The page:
Sometimes Your Single Friends Are Right About Your Dating Life

April 26, 2018  |  


Listening to your single friends may not always be a bad idea.

Last week, I came across a Derrick Jaxn video of a woman ranting to her viewers not to trust a single woman who gives them relationship advice. Even though I’m about to get married, this rubbed me the wrong way.

The woman seemed like she’d recently been stung by some advice from her unattached friends. Her portion of the video came off less like a well-thought-out piece of advice and more like a rebuttal that she didn’t deliver in person. She ranted that single women can’t give good advice because they supposedly don’t know how to “keep a man.” It seemed that in this woman’s mind, single women are–whether intentionally or unintentionally–the biggest threat to any happy, stable relationship.


Conventional wisdom will tell us that someone who is not currently in love cannot give us sound romantic advice. It’s assumed that they will steer us wrong because they don’t have a steady suitor at present. And, culturally speaking, we’re almost conditioned not to trust any single woman around our partners for fear she might try to snatch them away. But here’s the problem with that: At one point or another, most of us have been in love; most of us have been in relationships. The knowledge we’ve gained from those experiences does not go away once we split up with someone. Knowledge of relationships and how they work isn’t automatically negated the moment the latest one ends. Just because someone is not boo’d up at the moment doesn’t necessarily mean they don’t know how to maintain a relationship because love affairs end for all kinds of reasons.

Simply viewing a friend as single, and therefore unqualified, completely disregards their personal experiences in love. It’s possible that a woman might be single because she is not interested in settling for anyone that will have her just to say that she has someone. She could be on a dating sabbatical because the dating game gets exhausting. Or, perhaps, she’s taking a moment to just focus on herself. Better yet, some women would rather be single than stuck in a dead-end relationship or constantly chasing after any piece of a relationship. Who would want to be Issa or Molly, when you can be Kelli? No shade.

There are any number of reasons that someone might be single. An inability to keep a lover isn’t the only one. Worse yet, the idea that you shouldn’t listen to your single girlfriends implies that their views are invalid until they are in a relationship.

We’ve all been or will be the single friend, too. During your single days, there’s an excellent chance that you had at least one friend who was in a relationship. When that friend comes crying to you about their partner, you (even in your singleness) would most likely try to give them the best advice you can because you want to see your friend happy. You want to do all you can to set them up for success. So, when you offer your thoughts on their given situation, wouldn’t you be trying to give them the best advice possible? To do that, you’d be pulling from your own history of relationships. Do those experiences and good intentions count for nothing just because you might not be with anyone at the moment?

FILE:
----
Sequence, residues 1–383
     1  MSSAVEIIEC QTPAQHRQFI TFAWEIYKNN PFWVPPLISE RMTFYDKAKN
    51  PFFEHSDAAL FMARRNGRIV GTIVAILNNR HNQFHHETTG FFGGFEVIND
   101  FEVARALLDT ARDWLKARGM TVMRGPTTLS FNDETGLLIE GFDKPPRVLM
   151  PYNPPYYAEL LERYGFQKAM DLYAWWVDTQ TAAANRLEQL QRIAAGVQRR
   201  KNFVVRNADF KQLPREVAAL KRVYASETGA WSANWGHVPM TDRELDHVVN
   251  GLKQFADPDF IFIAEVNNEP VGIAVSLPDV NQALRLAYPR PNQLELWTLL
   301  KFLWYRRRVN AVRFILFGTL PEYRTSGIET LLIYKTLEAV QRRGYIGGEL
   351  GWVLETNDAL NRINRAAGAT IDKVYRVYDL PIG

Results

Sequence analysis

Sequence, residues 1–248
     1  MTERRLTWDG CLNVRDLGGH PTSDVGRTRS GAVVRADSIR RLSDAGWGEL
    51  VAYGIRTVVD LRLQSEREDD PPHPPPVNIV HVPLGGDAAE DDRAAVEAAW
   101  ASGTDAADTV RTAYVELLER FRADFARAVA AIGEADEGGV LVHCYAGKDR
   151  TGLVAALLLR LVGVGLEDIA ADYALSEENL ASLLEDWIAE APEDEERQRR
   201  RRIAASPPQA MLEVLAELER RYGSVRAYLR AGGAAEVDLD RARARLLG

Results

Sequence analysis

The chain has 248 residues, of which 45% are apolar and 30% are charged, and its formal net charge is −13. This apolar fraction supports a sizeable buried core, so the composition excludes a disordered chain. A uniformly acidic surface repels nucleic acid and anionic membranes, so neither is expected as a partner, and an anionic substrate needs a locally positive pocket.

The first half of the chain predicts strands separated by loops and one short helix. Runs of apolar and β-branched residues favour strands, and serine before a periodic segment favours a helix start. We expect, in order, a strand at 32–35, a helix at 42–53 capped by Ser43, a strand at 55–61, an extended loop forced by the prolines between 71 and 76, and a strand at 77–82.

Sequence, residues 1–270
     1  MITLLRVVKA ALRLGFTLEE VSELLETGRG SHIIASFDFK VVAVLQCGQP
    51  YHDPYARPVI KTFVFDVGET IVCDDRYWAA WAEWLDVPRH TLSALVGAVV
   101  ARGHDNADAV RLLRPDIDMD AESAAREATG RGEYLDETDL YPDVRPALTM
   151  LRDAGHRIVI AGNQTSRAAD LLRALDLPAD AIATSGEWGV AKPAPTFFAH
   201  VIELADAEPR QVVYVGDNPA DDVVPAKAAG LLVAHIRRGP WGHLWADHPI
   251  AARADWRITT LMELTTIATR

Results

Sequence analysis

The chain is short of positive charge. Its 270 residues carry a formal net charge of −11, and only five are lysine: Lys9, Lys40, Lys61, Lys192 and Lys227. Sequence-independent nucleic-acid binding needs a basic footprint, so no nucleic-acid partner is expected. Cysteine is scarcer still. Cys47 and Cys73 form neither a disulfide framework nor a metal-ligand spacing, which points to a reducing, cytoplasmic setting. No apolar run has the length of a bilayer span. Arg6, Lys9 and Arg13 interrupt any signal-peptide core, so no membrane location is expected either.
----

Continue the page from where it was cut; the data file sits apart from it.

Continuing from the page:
Besides, sometimes, the best relationship advice comes from a completely objective source that is keeping your best interest as an individual in mind without the priority of a relationship influencing their reasoning. Often, love will cloud your mind, but single people don’t have to deal with all those emotions fogging up their judgment.

Anyone who listens to The Read can observe this on a near-weekly basis. During almost every episode, some lovelorn reader writes in, begging for the hosts’ advice in a terrible, soap opera-adjacent situation. To the best of my knowledge, both Kid Fury and Crissle are single, but their relationship status has never stopped their fans from writing in. Why? Because Kid Fury and Crissle can still pick out unacceptable behavior in a relationship. You don’t need to be in love to know what it does and does not look like. You don’t need to be in love to know that a friend should leave a bad relationship.

None of this is meant to discount the fact that there are certainly some single women who can’t handle other people being happy and in love. They’re the same women who will prey on a friend’s relationship, hoping that things fall apart because they’re more comfortable when their friends are unattached. These women are not hard to spot. No one should ask them for advice becuase they are incapable of being happy for other, so they’re wisdom (such at it is) may not be helpful.

On the flip side, I would also suggest that you not listen too closely to your friends that swing from one relationship to another because they may not have a basis for sound advice. They don’t know how to be alone, so preserving a relationship would always be their main objective–even if it’s bad.

Truth be told, a lot of the fault in getting bad advice from a single friend might fall on the person asking for input. Before discounting a friend’s advice based soley on their relationship status, consider the source. If you’re more thoughtful when seeking wise council, and look to someone’s character, you can’t go wrong–even if you don’t like the answer.

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